What historical moment or event do you wish you could have witnessed? (50 word limit)

Fifty words is not a lot of words. So this answer is really about creating an effective summary of the event in question, and concisely explaining the motivation behind your selection. This is another question in which your selection of topic tells a story. Maybe you want to witness the creation of Gutenberg’s printing press or the swearing in of the first African American president. Whatever you do, try to avoid subjects other students will likely flock to. MLK’s “I Had A Dream” speech is incredible, but it might not make for the best topic here — unless, of course, you have a highly personal story that connects to that moment that you can summarize in 50 words or less. (There are always exceptions to the rules!)

What five words best describe you? (10 word limit)

This is more of a puzzle than writing exercise. Think about five ways you define yourself. Ask friends and family what words they would use to describe you. You will likely hear things like “fun,” “caring” and hard-working.” Now try to find more interesting (and less common) ways of expressing these sentiments. (“Optimistic,” “empathetic” and “diligent”?) Make sure each word adds a new element to the mix. And don’t be afraid to come at this question from unexpected angles (Are you hungry, for example? We are.)

When the choice is yours, what do you read, listen to, or watch? (50 word limit)

Luckily for you, this is another answer in which your topic selection drives the success of your response. You can approach this question in one of two ways, as a cross-section of the books/websites, music and television/film you consume, or as a chance to highlight some of the more important and enjoyable cultural offerings you have come across. Fifty words is not a lot of words, but if you choose the second approach and have a little space, can you give context to your answer? Did The Martian inspire you to pursue a career as an astronaut so you, too, can grow your own potatoes on Mars? Regardless of how you answer, your responses should say something about your thought processes, interests, and passions.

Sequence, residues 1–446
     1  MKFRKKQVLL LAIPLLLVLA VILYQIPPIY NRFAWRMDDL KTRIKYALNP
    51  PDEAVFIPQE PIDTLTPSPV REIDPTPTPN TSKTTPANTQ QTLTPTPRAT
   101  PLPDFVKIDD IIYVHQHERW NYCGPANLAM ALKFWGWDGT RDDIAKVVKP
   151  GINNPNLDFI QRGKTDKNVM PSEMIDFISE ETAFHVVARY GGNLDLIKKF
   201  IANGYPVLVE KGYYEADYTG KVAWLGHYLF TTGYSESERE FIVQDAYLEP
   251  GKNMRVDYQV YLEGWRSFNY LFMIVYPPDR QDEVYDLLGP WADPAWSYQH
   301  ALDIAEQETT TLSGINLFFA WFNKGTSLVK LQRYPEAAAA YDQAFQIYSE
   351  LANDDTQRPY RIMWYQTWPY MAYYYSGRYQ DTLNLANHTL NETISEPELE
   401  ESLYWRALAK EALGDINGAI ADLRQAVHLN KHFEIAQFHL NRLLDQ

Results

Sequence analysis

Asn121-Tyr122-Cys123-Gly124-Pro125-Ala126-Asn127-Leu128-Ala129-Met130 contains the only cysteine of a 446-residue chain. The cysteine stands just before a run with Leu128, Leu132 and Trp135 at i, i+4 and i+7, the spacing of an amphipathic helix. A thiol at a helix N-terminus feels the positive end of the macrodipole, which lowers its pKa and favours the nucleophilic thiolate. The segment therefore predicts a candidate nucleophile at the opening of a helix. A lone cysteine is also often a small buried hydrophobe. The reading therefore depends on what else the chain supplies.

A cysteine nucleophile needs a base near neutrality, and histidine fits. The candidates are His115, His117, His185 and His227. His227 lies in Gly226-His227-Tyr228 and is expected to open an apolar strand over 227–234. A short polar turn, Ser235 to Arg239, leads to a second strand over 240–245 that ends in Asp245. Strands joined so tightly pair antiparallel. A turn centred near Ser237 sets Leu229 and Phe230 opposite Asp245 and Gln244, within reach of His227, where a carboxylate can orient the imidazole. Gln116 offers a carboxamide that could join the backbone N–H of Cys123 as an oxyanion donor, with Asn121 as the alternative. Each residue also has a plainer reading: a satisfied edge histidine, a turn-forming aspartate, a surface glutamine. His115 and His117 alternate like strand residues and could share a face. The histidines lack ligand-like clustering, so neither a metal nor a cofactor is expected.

Name one thing you are looking forward to experiencing at Stanford. (50 word limit)

This is “Why Stanford” in its most distilled form. Your answer should be personal and, if possible, unexpected. This is not the place to detail your love of the campus or dining hall. Stanford already knows it has “world-class” professors. Are you looking forward to participating in a certain school tradition because it aligns with your interests? Maybe you can’t wait to start a chapter of a charity you created on campus. Or maybe there is a professor in your department who has done research you admire — are you dying to work alongside that person? Get specific. Let Stanford know what resources you will take advantage of that other might not think of.

Imagine you had an extra hour in the day — how would you spend that time? (50 word limit).

Admissions knows that, as a particularly ambitious human, you likely don’t have a lot of free time. If you were gifted with that extra hour in the day that we all dream about, how would you spend it? Would you do something productive and thoughtful (help your dad rake the leaves in the front yard while you catch up), or something more recreational (like watching all of “The Wire” from beginning to end because you’re obsessed with the intersection of journalism, social issues and entertainment). What do you really dream about doing with your time in an ideal world? Although you might be tempted to talk about hanging out with your friends or catching up on sleep (Why does school start so early?), you will be better off writing about how you wish you had more time to practice piano, write short stories, perfect your spanish speaking abilities, or invent an app for avid bird watchers.